To maximize the revenue from their digital real estate, publishers can sell ad space on their websites.

What is selling ad space on a website?

Publishers make money from their websites by selling ad space to advertisers directly or programmatically through an ad network. TechCrunch, for example, sells display ads at the top of its publication to reach readers with tech-related ads.

5. Affiliate Marketing

Publishers join affiliate programs to consistently earn money from website visits.

What is affiliate marketing?

Affiliate networks connect website owners with brands looking to promote their products. Once publishers join the network, they advertise products on their site in exchange for a commission.

How do affiliate marketers make money?

Publishers commonly earn a commission every time they refer a customer who buys a product. They also may get paid-per-click, impression, or engagement. A men’s interest blog, for example, might promote a $40 shaving kit for a 50% commission. Every time someone clicks that ad and buys the kit, the publisher earns $20.

6. Donation-Based Monetization

As an alternative to advertising, some publishers ask readers for donations.

What is donation-based monetization?

Many publishers create content for free, either as a side-hustle or a hobby. If they have a loyal fan base and returning visitors, they may set up a donation system. Readers donate through platforms such as PayPal or Venmo and become instrumental in helping their favorite websites run.

Literature and philosophy blog Brain Pickings, for instance, asks readers to donate at the end of each blog post:

7. Sell Your Own Products or Services

Some publishers think:

“Why advertise someone else’s products when I can advertise my own?”

It’s a common tactic for influencers and bloggers who specialize in a certain area and have a large following.

BuzzFeed’s Tasty, for example, generated over 1 billion views and 85 million U.S. followers in just two years by publishing food and recipe videos on Facebook. In response to this attention, the publisher launched its own line of cookware and cookbooks with Walmart.

BuzzFeed expects to drive $260 million in sales from its branded products this year, doubling last year’s revenue.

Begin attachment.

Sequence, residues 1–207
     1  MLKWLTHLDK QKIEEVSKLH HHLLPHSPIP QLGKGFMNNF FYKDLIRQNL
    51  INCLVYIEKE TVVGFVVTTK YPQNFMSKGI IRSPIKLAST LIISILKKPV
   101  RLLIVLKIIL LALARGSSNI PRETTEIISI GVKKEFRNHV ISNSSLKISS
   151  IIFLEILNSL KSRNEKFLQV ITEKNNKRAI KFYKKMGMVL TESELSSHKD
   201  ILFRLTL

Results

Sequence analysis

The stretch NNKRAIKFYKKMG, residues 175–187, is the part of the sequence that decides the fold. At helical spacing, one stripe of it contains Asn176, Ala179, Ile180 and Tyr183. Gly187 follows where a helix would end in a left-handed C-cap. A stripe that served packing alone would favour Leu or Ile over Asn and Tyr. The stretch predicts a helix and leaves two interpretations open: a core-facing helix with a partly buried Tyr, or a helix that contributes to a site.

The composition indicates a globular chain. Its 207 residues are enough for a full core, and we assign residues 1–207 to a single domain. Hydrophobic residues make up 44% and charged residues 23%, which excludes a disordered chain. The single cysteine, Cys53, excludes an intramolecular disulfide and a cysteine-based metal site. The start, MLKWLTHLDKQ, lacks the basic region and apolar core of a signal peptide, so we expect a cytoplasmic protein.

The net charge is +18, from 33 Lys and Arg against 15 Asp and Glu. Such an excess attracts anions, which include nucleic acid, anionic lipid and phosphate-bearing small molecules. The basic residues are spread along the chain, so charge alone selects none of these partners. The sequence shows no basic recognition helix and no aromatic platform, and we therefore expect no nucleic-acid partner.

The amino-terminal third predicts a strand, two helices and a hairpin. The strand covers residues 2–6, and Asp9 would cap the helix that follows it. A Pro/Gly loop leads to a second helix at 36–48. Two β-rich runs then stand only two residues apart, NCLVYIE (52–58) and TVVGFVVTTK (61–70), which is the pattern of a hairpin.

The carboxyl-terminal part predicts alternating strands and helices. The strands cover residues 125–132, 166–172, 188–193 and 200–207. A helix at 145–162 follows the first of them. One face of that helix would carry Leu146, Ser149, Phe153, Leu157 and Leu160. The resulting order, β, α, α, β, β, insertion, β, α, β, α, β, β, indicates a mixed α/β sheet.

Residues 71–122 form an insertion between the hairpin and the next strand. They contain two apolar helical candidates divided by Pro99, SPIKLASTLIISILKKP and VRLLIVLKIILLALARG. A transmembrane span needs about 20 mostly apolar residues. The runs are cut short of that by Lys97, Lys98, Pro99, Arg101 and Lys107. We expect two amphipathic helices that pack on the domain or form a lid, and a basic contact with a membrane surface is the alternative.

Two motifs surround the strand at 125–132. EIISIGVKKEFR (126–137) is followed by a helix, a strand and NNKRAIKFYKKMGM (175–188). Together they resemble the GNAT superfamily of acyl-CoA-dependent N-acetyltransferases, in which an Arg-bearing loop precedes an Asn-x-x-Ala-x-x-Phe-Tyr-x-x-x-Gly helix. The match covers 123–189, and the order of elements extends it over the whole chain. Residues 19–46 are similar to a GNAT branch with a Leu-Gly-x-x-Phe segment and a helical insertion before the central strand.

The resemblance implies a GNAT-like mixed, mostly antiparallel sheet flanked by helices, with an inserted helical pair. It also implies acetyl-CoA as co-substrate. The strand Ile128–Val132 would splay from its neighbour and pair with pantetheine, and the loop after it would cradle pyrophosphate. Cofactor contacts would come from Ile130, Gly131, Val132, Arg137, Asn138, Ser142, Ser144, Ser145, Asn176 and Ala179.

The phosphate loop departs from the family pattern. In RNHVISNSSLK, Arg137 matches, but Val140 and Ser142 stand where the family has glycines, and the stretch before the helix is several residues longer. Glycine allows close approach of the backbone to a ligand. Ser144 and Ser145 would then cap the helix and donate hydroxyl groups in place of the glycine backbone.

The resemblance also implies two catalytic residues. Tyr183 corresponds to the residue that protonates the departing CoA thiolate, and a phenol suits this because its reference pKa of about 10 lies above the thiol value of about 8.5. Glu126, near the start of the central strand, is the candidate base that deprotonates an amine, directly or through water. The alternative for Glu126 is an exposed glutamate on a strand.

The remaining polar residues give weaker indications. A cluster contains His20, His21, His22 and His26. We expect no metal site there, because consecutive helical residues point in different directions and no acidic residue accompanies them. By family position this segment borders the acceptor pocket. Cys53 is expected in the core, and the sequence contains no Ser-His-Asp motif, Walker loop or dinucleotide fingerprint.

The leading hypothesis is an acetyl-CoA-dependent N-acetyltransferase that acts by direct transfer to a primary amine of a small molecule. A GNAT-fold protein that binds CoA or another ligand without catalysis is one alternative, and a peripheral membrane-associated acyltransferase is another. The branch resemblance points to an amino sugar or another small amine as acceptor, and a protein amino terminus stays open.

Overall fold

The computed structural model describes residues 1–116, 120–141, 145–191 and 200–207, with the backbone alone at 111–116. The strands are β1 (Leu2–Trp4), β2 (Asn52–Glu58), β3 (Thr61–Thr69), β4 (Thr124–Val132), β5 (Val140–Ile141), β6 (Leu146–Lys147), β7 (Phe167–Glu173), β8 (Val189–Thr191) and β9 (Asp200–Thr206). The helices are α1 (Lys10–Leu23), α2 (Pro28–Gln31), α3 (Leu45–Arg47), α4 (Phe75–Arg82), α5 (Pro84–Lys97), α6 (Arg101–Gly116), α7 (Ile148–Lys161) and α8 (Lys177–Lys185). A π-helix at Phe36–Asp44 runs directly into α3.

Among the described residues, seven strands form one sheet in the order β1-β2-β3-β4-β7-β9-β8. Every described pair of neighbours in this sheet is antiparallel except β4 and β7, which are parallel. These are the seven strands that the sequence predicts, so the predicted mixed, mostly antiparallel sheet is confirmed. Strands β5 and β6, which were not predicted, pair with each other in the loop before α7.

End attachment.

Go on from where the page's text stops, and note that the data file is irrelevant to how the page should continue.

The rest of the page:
8. Sponsored Content

Publishers host sponsored content on their websites alongside their organic content.

What is sponsored content?

Sponsored content is an article or series of articles created by or on behalf of an advertiser. The article takes the form of other content on the publisher’s site. Often, the only difference is that it includes a ‘Sponsored’ disclaimer, so readers know a brand paid for it.

Thermostat brand Nest, for example, sponsored this Atlantic article about how smart-home technology affects family relationships and routines.

What is the difference between sponsored content and native advertising?

Sponsored content is a form of native advertising. As the ad blends in with its surrounding content and host platform, it is native.

Like social media ads or recommendation widgets, sponsored articles don’t disrupt the user experience and are easy to consume.

9. Flipping your Website

Just as people flip houses, publishers flip websites to earn a profit.

What does flipping a website mean?

Flipping a website involves finding an online property that needs work, improving its design, content, and marketability, proving its success in traffic and engagement, and selling it to an interested party.

Publishers can also build a website from scratch and flip it once they establish an audience. They can then use that money to start a new website or small business venture.

10. Membership Websites

Instead of — or in addition to — advertising, publishers charge readers to access their content.

What is a membership website?

A membership website offers content to paying subscribers. Placing articles behind a paywall is a growing trend among major publishers such as The New York Times, Condé Nast, and The Washington Post.

How do you make money from a membership website?

There are many different types and tiers of subscription models for online publications, including: charging for all content; charging for certain content; charging for all content after ten free articles; charging for access to content on certain devices.

Whichever mix you choose, make your options clear to readers and potential subscribers.

Conclusion

Your website is the storefront of your online brand. Even if you’re running a blog and not selling e-commerce, it is possible to drive revenue from that store.

Study these ten monetization strategies and use them to find the best website monetization mix for your brand. With these tactics at your fingertips, you can offer personalized recommendations, build strategic partnerships, and drive the most value from each and every website visit.